People

Dr. Mike Gil (he/his)

Principal Investigator

Ph.D., University of Florida, USA (2015)

B.S., University of Texas at Austin, USA (2008)

michael.gil [at] colorado.edu

Ramaley C-389

I’m broadly interested in the intersection of ecology, evolution, conservation, and animal behavior. I use a combination of field experiments and modeling to understand how individual decision-making by wild animals can shape ecosystems and how these systems respond to human-driven environmental change. Much of my empirical work has focused on spying on fish in coral reefs, ‘Big Brother’/‘1984’-style to carefully measure (with the help of many cameras) how environmental inputs map onto behavioral outputs. My favorite study species (so far), the roving herbivores (e.g., parrotfish, surgeonfish, rabbitfish), are especially interesting to probe, because they perform the critical ecological function of controlling (by eating) algae, which can otherwise kill coral and degrade entire coral reef ecosystems. In addition to my ‘traditional Academic activities’ of research, teaching and mentoring, I founded and direct SciAll.org, a mass-science-communication platform that uses vlogging (video blogging) to humanize scientists, demystify the process of scientific discovery, and make STEM careers accessible to all. To learn more, check out SciAll.org and mikegil.com

Ella Henry (she/her)

Ph.D. student

BA & MA, University of Cambridge, UK

Hi, I’m Ella, a first-year grad student in the Gil Lab. I am fascinated by the adaptive value of collective behaviour. Social behaviour can act as a ‘hidden’ agent of selection through strengthening or relaxing the selection a trait is under, but collective behaviour’s selective pressure is rarely studied. I want to understand whether certain performance traits of group living species, such as rigid interaction rules or the use of a quorum response to reach consensus, correlate with other behavioural and physical traits. Does the presence of collective behaviour accelerate or retard the rate of evolution; does it ecologically trap populations at sub-optimal fitness peaks? What role may collective behaviour play in the evolutionary responses to anthropogenic change ‒ will behaving collectively buffer the impact of developing abiotic selection pressures, or leave species more vulnerable? Outside of my research, I am committed to making science accessible to all, through outreach in the form of podcasts, blogs and talks.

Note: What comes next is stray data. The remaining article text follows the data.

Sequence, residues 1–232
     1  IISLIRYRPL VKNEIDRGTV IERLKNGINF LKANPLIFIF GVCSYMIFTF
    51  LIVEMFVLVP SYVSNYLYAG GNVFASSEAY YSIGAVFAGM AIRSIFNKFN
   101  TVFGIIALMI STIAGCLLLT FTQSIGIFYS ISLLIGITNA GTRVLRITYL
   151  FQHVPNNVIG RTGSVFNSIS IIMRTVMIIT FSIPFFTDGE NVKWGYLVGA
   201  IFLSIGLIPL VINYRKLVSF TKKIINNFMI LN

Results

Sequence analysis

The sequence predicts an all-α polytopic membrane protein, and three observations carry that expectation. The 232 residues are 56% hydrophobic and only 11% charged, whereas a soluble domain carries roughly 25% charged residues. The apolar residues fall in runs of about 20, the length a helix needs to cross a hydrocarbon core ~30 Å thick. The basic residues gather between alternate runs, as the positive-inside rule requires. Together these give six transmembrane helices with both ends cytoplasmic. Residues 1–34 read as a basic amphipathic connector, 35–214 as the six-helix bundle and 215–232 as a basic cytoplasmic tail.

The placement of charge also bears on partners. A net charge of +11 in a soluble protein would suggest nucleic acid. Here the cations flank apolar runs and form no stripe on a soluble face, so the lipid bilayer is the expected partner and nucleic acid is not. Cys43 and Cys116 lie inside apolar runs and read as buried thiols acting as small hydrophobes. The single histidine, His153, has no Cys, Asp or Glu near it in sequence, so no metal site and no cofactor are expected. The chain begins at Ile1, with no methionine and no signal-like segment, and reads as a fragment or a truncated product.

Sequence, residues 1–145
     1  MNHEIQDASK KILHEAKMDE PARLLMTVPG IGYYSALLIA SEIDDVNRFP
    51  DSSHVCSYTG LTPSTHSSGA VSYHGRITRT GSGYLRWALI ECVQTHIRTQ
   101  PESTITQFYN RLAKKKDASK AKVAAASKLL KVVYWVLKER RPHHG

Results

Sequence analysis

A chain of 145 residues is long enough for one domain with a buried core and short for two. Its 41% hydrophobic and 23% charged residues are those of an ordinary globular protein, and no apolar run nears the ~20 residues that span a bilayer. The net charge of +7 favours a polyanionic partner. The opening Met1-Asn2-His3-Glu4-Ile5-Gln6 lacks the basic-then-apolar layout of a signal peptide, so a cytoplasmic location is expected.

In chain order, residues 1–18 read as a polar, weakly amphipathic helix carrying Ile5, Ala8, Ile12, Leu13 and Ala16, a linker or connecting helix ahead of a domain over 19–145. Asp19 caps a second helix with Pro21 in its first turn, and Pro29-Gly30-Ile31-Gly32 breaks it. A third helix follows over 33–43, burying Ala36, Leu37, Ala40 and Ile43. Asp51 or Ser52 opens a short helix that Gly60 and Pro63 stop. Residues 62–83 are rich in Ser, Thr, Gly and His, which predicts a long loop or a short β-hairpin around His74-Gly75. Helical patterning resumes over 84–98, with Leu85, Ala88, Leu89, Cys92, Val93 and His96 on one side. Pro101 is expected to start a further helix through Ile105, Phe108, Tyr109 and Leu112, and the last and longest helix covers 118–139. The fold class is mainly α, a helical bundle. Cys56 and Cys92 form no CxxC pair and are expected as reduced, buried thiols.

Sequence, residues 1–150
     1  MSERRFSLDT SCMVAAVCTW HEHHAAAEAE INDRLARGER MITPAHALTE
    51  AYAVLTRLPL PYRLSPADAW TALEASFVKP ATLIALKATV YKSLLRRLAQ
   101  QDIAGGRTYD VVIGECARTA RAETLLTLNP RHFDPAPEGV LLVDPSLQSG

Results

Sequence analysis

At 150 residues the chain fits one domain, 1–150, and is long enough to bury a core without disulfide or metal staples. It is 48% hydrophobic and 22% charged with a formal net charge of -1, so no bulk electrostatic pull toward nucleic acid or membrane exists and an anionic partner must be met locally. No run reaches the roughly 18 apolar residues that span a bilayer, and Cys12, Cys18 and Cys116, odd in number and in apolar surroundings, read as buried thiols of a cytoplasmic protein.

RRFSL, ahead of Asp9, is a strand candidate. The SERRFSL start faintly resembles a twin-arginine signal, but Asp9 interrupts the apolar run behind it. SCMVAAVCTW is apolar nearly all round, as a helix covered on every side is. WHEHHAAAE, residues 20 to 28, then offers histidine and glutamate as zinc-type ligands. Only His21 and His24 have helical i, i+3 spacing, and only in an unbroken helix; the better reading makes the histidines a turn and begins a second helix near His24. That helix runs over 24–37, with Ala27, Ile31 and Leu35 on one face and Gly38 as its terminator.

Samantha “Sam” Rothberg (she/her)

Ph.D. student

BA, Amherst College, USA

Sam is a first year PhD student in the Gil Lab. Originally from Scarsdale, NY, she has spent the past five years attending school and then working at Amherst College. In Amherst, Sam worked in labs researching chickadee social behavior and plant disease ecology. Through her research and her work leading outdoor trips, she has spent a lot of time mentoring diverse groups of students and is incredibly excited to continue to do so. Sam is interested in using field-based and mathematical methods to study the effect of social behavior on larger-scale community dynamics. She is also passionate about examining and rethinking the effect of global power structures (colonialism, capitalism, etc.) on the construction of ecological theories and conservation plans. In her free time, Sam loves to run, climb, make puns, and bake/eat dessert.

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